There are 17 stories in all, each very different from the other, but long enough to have left me feeling satisfied that they all had a proper conclusion.  What I liked most about the book was that each story started with a title, time and place so that as a reader I knew where in history I was going before I had begun reading.  I liked that.  After each story, Kate Mosse then goes on to explain the history behind each story, what made her write it, or what folk legend it was based upon.  I liked that too.

My favourite of all the haunting tales was that of The Mistletoe Bride.

At length an old chest that had long lain hid
Was found in the castle; they raised the lid,
And a skeleton form lay mouldering there,
In the bridal wreath of that lady fair.

Based upon the ballad The Mistletoe Bough by Thomas Haynes Bayly published in 1844, Kate Mosse tells the story of a young bride who with her other female guests plays a game of hide-and-seek from her groom and the other gentlemen of the wedding party.  The only problem is that her hiding place is so great that she remains unfound.  This was particularly haunting, and I really believed the story.  If you love ghost tales then I really do recommend this, even if you aren't a fan of the short story - it converted me!  A perfect accompaniment for a winter's night.


Happy Reading

 
Miss Chapter x

Wednesday, 3 December 2014

In Conversation with Daisy Goodwin

Today I am in conversation with the wonderful Daisy Goodwin, author of The Last Duchess and The Fortune Hunter.

 
Both My Last Duchess and The Fortune Hunter are historical novels.  What is your favourite period of history and why?
I am fascinated by the Victorian era.  It is a time that is close enough for us to imagine but life was so different then, especially for women.  I also love the clothes.  I would be perfectly happy in a corset and a crinoline.


Not everyone may know, but you are also an award-winning television producer.  What prompted the decision to write?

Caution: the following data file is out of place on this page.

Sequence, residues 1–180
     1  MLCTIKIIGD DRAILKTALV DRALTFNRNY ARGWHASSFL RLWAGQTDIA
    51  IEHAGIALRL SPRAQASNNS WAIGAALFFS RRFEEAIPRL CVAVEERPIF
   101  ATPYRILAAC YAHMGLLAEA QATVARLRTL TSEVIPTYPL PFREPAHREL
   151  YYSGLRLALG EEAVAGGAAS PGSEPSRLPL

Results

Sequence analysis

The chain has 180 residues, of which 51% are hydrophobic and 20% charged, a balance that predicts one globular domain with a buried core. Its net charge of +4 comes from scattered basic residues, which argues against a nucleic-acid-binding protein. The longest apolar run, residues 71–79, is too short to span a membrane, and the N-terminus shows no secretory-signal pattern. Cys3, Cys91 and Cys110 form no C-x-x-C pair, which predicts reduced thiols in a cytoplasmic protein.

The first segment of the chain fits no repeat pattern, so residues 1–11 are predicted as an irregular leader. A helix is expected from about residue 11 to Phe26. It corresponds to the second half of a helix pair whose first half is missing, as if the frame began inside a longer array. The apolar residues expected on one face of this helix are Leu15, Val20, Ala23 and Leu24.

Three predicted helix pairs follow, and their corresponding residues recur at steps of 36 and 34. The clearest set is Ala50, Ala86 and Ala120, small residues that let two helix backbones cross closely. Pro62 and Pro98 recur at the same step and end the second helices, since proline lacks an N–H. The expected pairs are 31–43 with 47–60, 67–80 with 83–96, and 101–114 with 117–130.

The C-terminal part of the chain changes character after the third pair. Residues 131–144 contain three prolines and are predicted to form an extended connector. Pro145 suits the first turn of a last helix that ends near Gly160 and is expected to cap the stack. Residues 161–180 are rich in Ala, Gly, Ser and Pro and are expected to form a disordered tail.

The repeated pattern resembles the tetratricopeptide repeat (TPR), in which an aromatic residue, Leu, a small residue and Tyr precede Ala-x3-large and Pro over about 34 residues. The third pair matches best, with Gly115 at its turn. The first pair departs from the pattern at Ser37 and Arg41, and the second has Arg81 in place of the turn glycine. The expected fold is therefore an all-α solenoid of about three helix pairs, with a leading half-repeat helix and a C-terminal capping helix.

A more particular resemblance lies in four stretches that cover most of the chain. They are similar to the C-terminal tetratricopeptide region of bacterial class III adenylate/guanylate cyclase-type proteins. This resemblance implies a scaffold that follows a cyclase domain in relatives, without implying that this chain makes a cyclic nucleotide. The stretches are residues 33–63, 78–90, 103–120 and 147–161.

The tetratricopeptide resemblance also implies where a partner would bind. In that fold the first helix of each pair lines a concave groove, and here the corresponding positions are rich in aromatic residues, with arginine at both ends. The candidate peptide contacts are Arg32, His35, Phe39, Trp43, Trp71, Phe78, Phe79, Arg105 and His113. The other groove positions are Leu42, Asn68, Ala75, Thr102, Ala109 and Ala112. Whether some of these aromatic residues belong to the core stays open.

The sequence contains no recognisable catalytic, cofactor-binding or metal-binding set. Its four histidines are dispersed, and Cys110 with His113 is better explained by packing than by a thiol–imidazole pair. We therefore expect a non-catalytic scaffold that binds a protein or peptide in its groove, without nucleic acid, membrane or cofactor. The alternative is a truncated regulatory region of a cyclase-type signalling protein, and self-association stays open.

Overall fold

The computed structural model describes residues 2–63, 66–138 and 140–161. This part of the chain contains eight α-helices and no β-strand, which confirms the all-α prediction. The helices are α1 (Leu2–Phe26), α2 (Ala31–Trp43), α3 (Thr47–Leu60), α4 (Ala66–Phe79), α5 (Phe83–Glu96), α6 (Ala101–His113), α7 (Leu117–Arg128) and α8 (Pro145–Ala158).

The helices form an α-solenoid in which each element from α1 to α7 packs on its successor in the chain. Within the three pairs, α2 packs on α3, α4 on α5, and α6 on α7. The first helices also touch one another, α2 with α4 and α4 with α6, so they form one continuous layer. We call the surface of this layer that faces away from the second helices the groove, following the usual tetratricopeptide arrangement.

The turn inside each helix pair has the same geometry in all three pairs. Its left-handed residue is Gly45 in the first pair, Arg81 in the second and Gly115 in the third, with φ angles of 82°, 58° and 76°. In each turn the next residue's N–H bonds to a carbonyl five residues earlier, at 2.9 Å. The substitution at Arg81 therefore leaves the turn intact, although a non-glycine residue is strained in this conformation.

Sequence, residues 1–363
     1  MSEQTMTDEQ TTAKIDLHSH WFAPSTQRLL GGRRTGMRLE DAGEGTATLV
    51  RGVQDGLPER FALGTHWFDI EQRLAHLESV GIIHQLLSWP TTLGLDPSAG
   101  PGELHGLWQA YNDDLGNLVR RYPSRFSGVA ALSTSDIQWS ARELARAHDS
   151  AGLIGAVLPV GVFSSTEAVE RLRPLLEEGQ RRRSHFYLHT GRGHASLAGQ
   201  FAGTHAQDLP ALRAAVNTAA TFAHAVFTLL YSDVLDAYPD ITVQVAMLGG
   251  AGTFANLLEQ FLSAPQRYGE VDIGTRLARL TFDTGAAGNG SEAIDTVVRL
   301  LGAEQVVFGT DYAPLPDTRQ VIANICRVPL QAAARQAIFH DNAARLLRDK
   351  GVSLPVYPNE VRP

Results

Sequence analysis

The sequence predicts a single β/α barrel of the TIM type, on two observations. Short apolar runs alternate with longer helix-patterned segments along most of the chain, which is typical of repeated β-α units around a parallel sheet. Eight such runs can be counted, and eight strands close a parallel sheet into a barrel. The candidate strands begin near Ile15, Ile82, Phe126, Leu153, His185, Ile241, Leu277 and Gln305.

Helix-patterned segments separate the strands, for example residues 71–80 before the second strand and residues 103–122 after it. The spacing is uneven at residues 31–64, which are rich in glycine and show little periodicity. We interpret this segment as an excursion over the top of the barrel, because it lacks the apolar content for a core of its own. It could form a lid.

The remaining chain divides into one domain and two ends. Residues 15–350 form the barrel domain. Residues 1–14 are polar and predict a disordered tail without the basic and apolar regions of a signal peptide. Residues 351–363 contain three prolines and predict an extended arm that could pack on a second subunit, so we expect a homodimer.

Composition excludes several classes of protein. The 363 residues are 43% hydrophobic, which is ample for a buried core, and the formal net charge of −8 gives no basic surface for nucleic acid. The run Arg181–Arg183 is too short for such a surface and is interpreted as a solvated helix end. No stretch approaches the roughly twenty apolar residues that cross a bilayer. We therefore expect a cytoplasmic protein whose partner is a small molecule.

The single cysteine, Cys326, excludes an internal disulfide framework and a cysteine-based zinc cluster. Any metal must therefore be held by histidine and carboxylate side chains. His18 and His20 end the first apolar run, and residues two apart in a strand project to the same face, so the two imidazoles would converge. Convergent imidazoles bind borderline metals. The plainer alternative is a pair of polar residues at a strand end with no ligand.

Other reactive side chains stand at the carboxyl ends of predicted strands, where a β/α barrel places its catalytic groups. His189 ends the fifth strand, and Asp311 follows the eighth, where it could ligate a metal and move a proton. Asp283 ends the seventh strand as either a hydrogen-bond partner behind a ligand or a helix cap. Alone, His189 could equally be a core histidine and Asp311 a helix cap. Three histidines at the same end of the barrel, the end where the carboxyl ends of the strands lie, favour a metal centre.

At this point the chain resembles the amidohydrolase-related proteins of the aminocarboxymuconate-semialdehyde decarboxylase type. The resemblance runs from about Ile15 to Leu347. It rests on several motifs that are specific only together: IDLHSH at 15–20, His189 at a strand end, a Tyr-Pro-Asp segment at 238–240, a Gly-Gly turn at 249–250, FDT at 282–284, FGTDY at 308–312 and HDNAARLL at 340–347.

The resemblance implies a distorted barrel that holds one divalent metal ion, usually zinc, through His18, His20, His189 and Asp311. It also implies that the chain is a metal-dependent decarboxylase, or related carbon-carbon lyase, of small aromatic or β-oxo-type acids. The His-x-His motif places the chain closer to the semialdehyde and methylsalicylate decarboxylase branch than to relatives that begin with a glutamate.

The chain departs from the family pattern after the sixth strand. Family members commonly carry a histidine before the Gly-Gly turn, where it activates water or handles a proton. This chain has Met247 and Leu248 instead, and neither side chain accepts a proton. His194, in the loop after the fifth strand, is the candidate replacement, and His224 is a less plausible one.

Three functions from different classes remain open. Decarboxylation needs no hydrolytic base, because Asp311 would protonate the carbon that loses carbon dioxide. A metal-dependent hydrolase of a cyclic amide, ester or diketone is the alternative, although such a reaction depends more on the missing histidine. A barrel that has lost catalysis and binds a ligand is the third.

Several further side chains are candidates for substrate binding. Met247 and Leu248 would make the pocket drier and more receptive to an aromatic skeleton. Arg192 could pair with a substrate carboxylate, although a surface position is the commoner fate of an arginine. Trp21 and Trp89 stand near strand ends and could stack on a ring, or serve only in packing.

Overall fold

Television is all about collaboration and I spend a lot of my time as a producer keeping people happy, but writing is something I can do alone.  If you spend all day surrounded by people trying to make things work, there is something very alluring about the empty page.

How did your publishing deal come about?
I had an idea for my first book, wrote the first three chapters and my agent sold it to a publisher,  then it got picked up by a tv book club and that made a huge difference to sales.


Any advice to anyone dreaming of becoming an author?
You can’t be an author if you don’t do any writing.  The only way to become an author is to keep writing.

Where do you get your writing inspiration from?
It’s a mysterious thing.  I read a great deal and I go to a lot of art galleries.

What are you working on next?
My new book is set at the court of Queen Victoria.
 

 If, heaven forbid, there was a fire, what possession would you grab first to save? 
After my children and my dogs, probably my diary.  I just hope I have backed up my laptop.

What five people, living or dead, would you choose to invite to a dinner party?
Jane Austen, Queen Victoria, Cary Grant, Shakespeare, Bob Dylan.

Thank you Daisy for taking part.  My review of The Fortune Hunter can be found here.

Happy Reading

Miss Chapter x

Monday, 1 December 2014

Life, Love and The Archers

Life, Love and The Archers: Recollections, reviews and other prose by Wendy Cope
Published by Two Roads Books
6th November 2014
Hardback Edition


Wendy Cope has long been one of the nation's best-loved poets, with her sharp eye for human foibles and wry sense of humour. For the first time, Life, Love and the Archers brings together the best of her prose - recollections, reviews and essays from the light-hearted to the serious, taken from a lifetime of published and unpublished work, and all with Cope's lightness of touch.

Here readers can meet the Enid-Blyton-obsessed schoolgirl, the ambivalent daughter, the amused teacher, the sensitive journalist, the cynical romantic and the sardonic television critic, as well as touching on books and writers who have informed a lifetime of reading and writing.